VALIE EXPORT

ואליי אקספורט
ヴァリエエクスポート
ВАЛИ ЭКСПОРТ
Time and Countertime

With “Zeit und Gegenenzeit” (Time and Counter Time), the focus should therefore be on VALIE EXPORT’s most recent works, which have been created over the past 20 years.
The exhibition wants to work out different motifs in EXPORTS oeuvre and in this way connect the late work with her early works. Her preoccupation with injury and violence are listed as motivic constants, on the one hand, and dealing with the changeable image of women on the other. Questions about the psychological condition as well as irritating worlds of perception and linguistic forms of expression form further central topics in EXPORTS work.

Evelyn Bencicova

ecce homo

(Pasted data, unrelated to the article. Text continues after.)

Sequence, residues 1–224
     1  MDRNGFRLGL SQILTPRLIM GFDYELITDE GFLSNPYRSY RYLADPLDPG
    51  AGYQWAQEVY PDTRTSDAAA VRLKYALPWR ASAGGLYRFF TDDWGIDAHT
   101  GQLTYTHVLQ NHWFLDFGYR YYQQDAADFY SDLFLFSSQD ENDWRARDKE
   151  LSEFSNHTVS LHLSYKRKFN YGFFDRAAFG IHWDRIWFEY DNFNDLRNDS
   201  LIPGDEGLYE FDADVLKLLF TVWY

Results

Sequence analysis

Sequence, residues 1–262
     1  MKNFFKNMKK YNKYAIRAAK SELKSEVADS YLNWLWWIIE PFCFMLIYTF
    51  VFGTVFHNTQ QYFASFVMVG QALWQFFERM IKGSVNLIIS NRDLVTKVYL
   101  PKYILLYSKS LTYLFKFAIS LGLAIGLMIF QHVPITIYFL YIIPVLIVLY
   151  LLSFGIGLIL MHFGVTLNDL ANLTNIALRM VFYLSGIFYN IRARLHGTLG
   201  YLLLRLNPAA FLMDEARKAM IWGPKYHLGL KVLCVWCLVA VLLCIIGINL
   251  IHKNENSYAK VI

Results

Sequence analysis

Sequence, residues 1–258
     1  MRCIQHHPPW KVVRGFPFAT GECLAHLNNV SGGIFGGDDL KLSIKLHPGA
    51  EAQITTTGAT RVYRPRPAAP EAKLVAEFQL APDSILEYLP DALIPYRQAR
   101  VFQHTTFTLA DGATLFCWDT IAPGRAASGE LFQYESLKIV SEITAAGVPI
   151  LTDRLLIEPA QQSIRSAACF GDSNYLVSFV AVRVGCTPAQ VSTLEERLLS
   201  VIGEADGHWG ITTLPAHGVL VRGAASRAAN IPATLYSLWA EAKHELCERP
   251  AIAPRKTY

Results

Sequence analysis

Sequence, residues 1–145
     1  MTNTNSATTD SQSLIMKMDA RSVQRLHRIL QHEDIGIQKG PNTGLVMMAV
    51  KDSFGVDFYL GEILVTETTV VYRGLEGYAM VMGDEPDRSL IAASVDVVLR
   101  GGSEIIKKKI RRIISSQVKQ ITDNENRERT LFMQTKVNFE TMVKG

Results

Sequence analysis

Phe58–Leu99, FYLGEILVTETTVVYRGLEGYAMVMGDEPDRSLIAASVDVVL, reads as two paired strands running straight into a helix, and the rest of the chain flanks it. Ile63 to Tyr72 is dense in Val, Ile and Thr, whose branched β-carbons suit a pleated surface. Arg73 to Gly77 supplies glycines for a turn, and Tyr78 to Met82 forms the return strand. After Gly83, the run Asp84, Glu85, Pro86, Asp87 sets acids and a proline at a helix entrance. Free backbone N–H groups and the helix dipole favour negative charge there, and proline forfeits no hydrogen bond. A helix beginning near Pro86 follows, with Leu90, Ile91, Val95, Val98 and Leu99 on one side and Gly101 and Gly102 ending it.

The expressive capacity of the human body is infinite. A naked body, beyond any sexual connotation, is pure art. Conceptual photographs about the idea of the body is what Evelyn Bencicova brings us in her series Ecce Homo (Latin term that means “here is the man” and which is cited in terms of violence or war), in which we see a lot of bodies pile up and form strange sculptural forms. At no time do we see any faces, which helps to depersonify each of the participating actors. The result is somewhat disturbing: we do not know why those bodies are there, or what they are trying to do. It is a mix between choreography, aesthetics and a theatrical performance. Of great artistic sensitivity, there is something in these figures that evokes the feeling of a human collective. Feelings to the surface.